The key is now kinda reversed, what kinda allocation would you want to have when the market is "good" again? The two desires should be equalized, to arrive at a single allocation you are happy with under any condition, knowing that the market can dang well do anything. This is what you should have already done.

You cannot time. Timing=failure.


Buy stocks low, sell high.

Now is the time, we buy the stocks low, with the hope, 10 or 20 years from now, of selling them high. Human nature is geared against buying low, it is scary, and does not feel good. But right now, in all those models you looked at/read about, with boglehead type investing that ended up paying out, and beating other returns, RIGHT NOW, this is where a good portion of those returns are made, in the bad times, where you can buy low........

If you skip the bad times....... Well, you are missing all the good buying opportunities if the market performs as expected. It may not. Thats the risk we take investing in the market. Its real, but usually completely discounted.

Sorry for being verbose. I dunno, I just think it likely, when I look back 20 years from now, that 51 buy is gonna make more so much more percentagewise than the buying at 70 did. I will wish I had bought more then, and not paid put some toward paying off the house.

right now, is the point of being a boglehead. We may lose. But the evidence points to us coming out ahead. I do not know any other rational approach I can take but to stay the course.

This is expected. Really, the great depression was only 75 years ago, maybe its time for another one? Possible. But I cannot predict it. There is nothing rational I can do in response to the possibility that it may occur, even now, reading the wall street journal, in between editing this post:

"If you were among the courageous few who bought and held stocks during and after the depression, you earned spectacular returns" (summon your courage and buy stocks, money and investing, oct4-5,2008)

stay the course : )
Last edited by LH on Sat Oct 04, 2008 6:45 am, edited 2 times in total.
YDNAL
Posts: 13774
Joined: Tue Apr 10, 2007 4:04 pm
Location: Biscayne Bay

Is it different this time?

Post by YDNAL »

on 2/24 Hiredgun wrote:I am in the 35% tax bracket.
My portfolio breakdown (the goal I'm working toward) is:

40% Total Market Index (FSTVX)
20% Large Cap Value (VIVAX)
20% International Large (FSIIX)
10% Emerging Markets (VEIEX)
10% Small Cap Value (VISVX)
on 2/24 Hiredgun wrote:Thanks for the Link Laura, Here's the info I should have included:

Emergency Fund - 6 Mos worth
Debt - Home Mortgage$115,000
Tax Filing Status and Rate: Joint, Married 35%
Age: 40
Desired Allocation: 100% Stock Mutual Funds (for now)
Int'l Stocks: 30%
My desired allocation for all funds is listed in my 1st post.
Current Portfolio: High six figures
Taxable: Approx 600K in taxable accounts
Non-Taxable: Approx 300K in Rollover IRAs and 401Ks
All Funds in Taxable/Non-Taxable are the funds mentioned in my first post.
Hiredgun,

LH had a little too much coffee this early in the morning, but he is right talking about psychological traps. :lol:

Back in Feb/Mar we took on a huge house remodeling job and I was pretty absent from the forum. I posted your previous information since I'm not familiar with your particulars and wanted a refresher course.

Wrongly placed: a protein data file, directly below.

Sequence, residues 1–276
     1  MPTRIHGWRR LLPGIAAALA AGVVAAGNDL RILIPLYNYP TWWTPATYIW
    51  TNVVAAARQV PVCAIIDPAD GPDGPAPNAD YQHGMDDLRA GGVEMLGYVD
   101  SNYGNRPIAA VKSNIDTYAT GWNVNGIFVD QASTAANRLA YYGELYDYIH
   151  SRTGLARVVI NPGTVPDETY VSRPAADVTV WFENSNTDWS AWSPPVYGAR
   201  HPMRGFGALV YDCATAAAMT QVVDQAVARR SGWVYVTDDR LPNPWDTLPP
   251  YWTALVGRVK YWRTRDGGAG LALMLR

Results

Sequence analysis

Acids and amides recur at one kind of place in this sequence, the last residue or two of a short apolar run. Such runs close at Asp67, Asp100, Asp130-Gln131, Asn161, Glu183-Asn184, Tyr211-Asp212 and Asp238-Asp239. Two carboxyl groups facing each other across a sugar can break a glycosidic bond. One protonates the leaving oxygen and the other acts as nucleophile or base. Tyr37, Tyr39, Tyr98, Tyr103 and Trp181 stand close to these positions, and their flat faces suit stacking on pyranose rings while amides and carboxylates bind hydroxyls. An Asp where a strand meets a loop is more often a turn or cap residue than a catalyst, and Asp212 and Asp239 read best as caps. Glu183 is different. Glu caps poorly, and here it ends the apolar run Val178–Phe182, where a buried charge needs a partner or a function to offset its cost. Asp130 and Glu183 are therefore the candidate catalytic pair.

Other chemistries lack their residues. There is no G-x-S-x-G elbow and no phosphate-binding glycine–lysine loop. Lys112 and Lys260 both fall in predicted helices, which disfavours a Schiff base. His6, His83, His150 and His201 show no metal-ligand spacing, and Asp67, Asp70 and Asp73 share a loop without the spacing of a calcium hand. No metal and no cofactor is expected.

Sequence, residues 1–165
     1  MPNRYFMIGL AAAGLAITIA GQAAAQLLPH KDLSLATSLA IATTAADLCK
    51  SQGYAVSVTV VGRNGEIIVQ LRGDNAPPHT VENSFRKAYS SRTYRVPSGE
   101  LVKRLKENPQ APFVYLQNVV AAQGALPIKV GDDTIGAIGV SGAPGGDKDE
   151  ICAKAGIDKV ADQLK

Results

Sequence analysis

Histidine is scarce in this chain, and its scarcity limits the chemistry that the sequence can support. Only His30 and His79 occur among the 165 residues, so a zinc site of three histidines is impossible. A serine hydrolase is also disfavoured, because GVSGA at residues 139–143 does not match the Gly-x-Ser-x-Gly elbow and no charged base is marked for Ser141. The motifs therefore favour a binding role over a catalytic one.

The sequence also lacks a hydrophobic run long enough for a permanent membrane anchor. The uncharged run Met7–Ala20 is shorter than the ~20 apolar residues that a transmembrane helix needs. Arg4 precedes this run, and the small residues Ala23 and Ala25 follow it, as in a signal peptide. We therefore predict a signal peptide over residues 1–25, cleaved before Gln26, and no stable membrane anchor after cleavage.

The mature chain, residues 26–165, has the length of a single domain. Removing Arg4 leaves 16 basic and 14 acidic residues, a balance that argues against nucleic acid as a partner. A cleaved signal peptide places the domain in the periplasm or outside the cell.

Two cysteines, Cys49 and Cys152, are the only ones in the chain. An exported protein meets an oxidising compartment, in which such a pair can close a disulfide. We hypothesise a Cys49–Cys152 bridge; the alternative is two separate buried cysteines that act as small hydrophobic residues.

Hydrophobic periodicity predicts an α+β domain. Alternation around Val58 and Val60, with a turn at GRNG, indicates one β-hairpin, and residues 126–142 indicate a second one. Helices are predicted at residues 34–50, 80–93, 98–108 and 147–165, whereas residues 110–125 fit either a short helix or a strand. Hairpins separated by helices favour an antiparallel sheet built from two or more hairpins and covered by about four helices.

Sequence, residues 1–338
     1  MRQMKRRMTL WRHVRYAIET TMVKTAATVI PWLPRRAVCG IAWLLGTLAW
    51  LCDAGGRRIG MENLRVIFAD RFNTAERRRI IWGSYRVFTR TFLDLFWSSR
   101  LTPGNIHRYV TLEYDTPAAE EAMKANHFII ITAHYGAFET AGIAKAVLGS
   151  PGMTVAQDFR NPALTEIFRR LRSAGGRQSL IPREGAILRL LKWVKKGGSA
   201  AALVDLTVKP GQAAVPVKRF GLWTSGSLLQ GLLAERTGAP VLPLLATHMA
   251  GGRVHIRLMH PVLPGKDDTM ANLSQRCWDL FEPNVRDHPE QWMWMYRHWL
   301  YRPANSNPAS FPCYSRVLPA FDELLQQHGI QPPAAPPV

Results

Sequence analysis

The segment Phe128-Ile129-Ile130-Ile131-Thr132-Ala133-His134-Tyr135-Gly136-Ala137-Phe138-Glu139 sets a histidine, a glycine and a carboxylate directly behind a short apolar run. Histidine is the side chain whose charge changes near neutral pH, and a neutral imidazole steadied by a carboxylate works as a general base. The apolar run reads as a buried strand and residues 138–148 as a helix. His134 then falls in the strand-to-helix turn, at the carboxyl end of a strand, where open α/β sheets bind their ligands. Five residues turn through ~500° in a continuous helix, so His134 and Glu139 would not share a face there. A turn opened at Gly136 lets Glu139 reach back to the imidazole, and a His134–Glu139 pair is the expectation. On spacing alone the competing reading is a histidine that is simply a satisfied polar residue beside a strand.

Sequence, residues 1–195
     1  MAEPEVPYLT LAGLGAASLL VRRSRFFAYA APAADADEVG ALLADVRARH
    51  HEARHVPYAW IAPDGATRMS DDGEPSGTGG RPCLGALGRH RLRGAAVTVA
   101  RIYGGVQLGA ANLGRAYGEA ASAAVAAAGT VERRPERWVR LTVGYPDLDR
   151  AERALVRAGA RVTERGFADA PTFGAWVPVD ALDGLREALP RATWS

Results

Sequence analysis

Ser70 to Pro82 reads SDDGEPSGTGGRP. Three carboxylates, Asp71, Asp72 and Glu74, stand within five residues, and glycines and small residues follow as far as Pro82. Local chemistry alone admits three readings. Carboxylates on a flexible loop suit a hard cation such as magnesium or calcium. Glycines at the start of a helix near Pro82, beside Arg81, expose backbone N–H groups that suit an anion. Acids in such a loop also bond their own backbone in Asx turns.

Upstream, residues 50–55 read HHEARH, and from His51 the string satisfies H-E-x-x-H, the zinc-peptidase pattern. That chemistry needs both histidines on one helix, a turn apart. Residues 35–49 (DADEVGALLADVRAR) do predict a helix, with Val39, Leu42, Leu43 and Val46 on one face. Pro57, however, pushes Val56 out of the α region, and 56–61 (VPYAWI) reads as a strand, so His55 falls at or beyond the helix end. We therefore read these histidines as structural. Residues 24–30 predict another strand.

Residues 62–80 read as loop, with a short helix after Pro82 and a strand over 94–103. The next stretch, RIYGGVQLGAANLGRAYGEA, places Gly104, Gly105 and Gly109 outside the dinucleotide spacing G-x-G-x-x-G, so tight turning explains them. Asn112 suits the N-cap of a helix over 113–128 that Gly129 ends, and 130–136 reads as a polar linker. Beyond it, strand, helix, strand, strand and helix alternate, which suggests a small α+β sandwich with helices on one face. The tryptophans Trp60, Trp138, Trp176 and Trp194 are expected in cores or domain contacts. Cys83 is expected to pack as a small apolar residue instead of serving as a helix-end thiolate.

This time may/may not be different, but YOU must be prepared to take market volatility and risk based on your willingness, ability and need to take risks. At 40yo, and having gone through an extended bull market, I can see where you wanted 100% Equities - with pretty heavy overweights. Regretably, markets change and economic environments change and you are now caught-up in the uncertainty mode.

This is the right time to accumulate for the next 20+ years into your sixties. That said, you need to reach that comfort level that doesn't freak you out when the S&P 500 drops from around 1,400 (Feb) to 1,100 (today). You can actually get to that comfort level by adjusting your target AA to be more conservative and to help you sleep at night. IF you decide to do so, then increase your Bond exposure - make sure Bonds are in the portfolio to mitigate Equity risk and NOT to chase yields.
Hiredgun wrote:I know that there are no guarantees. But I'd like a pep talk I guess.
Not much of a pep talk, I presume, but a call to more closely evaluate your risk tolerance.

Regards,
Landy
Landy | Be yourself, everyone else is already taken -- Oscar Wilde
User avatar
LH
Posts: 5490
Joined: Wed Mar 14, 2007 2:54 am

Post by LH »

I would add, if you do increase your Bond exposure now, only do it by deciding you will not decrease it again when stocks go back up.

Make that a rock solid commitment.

If you have screwed up your risk assessment, fine. Correct it now. But I am extremely wary of "corrections" that lie in tune with human nature. Bad times, ah I will correct myself and buy bonds! Good times, ah I can afford to be risky, more stocks! Buy high, sell low.

That way lies failure.

My rule would be if you increase your bond allocation now, you can never go back (barring winning the lottery or something). This is the basis of proper asset allocation in terms of need/ability to take risk, it is market independant.
Topic Author
Hiredgun
Posts: 166
Joined: Thu Sep 27, 2007 2:56 pm

Post by Hiredgun »

Thanks alot for the comments so far. I appreciate their supportive and practical nature.

The portfolio breakdown someone posted for me is not completely accurate. With recommendations from this board I tweaked it to:

10% REIT
10% Total Bond
80% Stocks (60% Total Market Index, 10% Small Cap Value and 30% Vanguard Total World Ex US)

After reading the comments above, I may hold 1/2 of this months contributions to up my cash position a bit. But I will continue with my plan otherwise.